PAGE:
One such project is showing residents how to make use of the area’s literal low-hanging fruit to turn a profit. Community members like Benny Mweemba are making plans to dry slices of the area’s prolific mangoes for sale in local markets or Lusaka, Zambia’s capital.
Mweemba came with his mother and grandmother to Mayukwayukwa two years ago, when deforestation and a lack of rain finally made his farmland too unproductive to earn a living.
Mweemba is ambitious—an ideas man. It’s obvious from the various plans he has for raising the start-up capital he’ll need to go into business as a plumber and sheet metal construction worker. He has the training but not enough money to go out on his own, something he is working hard to rectify by farming chili peppers for sale in the Zambian capital, Lusaka.
After attending the EWB workshop on human-centered design, he’s realizing another opportunity literally underfoot.
“People from Mayukwayyukwa, they have a lot of mango trees here but they are just wasting here,” Mweemba says.
In fact, the majority of Mayukwayukwa’s large mango harvest is lost without a way to process or preserve it. Drying them using a simple, do-it-yourself style solar fruit dryer could provide a food source for times of scarcity.
Mweemba says hopefully by next year he’ll not just be in dried mango production, but will know enough to teach others here and back home.
“When I learn how to dry some mangos, I will be drying mangos so that…I can be selling, so that people and the community will benefit from me.”
Grace Mukatimui Lubinda also learned how to process and dehydrate mangoes. She says the three-day workshop gave her a practical way to help her earn a better living for her family of five, and something to contribute to the community.
“These three days I have learned how you can manage to do something that you can achieve, knowing everything that you do can give you something,” she says. “I can even teach others what I have learned.”
Through other training courses, industrious hopefuls like Mweemba and Lubinda may soon venture into new roles as beekeepers and tailors—two other professional skill sets community members expressed interest in learning.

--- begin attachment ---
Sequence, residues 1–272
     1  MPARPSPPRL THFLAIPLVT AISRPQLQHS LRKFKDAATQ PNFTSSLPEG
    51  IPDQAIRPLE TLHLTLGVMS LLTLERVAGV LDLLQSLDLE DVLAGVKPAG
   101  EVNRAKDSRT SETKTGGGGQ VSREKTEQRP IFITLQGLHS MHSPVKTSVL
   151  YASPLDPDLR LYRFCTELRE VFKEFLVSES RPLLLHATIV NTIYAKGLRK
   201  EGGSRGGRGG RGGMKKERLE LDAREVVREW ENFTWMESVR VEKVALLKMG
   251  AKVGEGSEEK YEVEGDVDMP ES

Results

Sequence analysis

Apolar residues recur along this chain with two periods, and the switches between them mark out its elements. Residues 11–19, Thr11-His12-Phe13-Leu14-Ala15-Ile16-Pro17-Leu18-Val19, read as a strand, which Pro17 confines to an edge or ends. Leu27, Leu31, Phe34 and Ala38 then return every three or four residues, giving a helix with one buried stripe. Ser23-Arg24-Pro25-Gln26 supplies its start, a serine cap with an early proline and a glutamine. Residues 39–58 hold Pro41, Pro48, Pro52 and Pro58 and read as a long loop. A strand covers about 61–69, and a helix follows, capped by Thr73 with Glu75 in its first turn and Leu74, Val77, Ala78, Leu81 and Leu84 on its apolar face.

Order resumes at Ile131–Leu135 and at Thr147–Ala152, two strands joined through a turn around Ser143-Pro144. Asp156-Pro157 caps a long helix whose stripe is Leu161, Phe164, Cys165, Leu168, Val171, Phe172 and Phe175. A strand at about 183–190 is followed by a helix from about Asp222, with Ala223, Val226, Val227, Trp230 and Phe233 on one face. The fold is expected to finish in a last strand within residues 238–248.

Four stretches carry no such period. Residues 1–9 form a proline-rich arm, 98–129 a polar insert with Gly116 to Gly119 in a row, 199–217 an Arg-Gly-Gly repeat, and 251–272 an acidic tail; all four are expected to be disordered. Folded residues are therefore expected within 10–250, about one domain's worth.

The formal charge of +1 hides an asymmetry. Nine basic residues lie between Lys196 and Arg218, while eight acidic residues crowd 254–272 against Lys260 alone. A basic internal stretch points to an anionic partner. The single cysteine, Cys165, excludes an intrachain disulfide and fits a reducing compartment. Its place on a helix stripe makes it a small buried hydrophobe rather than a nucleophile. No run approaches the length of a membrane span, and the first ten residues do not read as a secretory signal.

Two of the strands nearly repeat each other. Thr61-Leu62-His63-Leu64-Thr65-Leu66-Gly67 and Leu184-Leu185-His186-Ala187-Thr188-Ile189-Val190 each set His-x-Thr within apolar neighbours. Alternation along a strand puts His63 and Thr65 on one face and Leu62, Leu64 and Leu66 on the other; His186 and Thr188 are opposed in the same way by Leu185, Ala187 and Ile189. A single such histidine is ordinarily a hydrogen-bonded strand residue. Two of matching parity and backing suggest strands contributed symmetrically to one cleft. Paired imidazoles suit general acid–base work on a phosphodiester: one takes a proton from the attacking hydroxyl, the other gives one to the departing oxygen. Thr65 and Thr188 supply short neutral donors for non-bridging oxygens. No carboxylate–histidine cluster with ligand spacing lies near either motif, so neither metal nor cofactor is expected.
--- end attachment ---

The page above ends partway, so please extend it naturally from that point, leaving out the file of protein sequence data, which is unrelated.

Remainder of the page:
And their enthusiasm to learn has continued after the workshops ended. According to Turner, the participants have worked with Caritas to prototype the solar fruit dryer and other ideas. “They will begin testing soon and I’m sure it is only a matter of time before they will be selling dried mango and other fruits,” she says.
In fact, the new solar dryers being prototyped are now up and running. And beehives refugees have constructed using both traditional and modern techniques and materials are starting to hum with the promises of profit.
Rising to the challenge
Residents of Mayukwayukwa will reap the benefits of their own projects over the next years. But they’re not the only ones working on coming up with good ideas.
UNHCR and EWB are pitting 10,000 university students from Australia and New Zealand against each other in the EWB Challenge, a competition to develop and prototype solutions to refugee problems from waste management to climate change in Mayukwayukwa.
The good practices learned in Mayukwayukwa and the innovative technologies helping the new integrated community may also be transplanted in Zambia’s other refugee settlement area of Meheba.
In a few years, people in both settlements could be up-cycling car parts and old bottles into useful household goods, or employing conservation agriculture techniques that will make unpredictable rains less of a roller coaster. Maybe they’ll be turning those mangoes into jars of preserves.
The only limit is the creativity of challenge participants, refugees and Zambians hoping to contribute to a new start for everyone.